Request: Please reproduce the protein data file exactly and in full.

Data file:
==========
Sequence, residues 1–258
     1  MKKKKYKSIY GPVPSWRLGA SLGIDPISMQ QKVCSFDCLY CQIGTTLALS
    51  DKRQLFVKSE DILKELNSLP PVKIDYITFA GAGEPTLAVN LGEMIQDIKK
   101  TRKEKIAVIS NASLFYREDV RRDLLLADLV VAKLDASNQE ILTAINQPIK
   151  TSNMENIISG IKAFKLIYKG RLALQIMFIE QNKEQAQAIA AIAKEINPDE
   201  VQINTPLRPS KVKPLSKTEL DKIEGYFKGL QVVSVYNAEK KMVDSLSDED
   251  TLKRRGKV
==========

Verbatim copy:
Sequence, residues 1–258
     1  MKKKKYKSIY GPVPSWRLGA SLGIDPISMQ QKVCSFDCLY CQIGTTLALS
    51  DKRQLFVKSE DILKELNSLP PVKIDYITFA GAGEPTLAVN LGEMIQDIKK
   101  TRKEKIAVIS NASLFYREDV RRDLLLADLV VAKLDASNQE ILTAINQPIK
   151  TSNMENIISG IKAFKLIYKG RLALQIMFIE QNKEQAQAIA AIAKEINPDE
   201  VQINTPLRPS KVKPLSKTEL DKIEGYFKGL QVVSVYNAEK KMVDSLSDED
   251  TLKRRGKV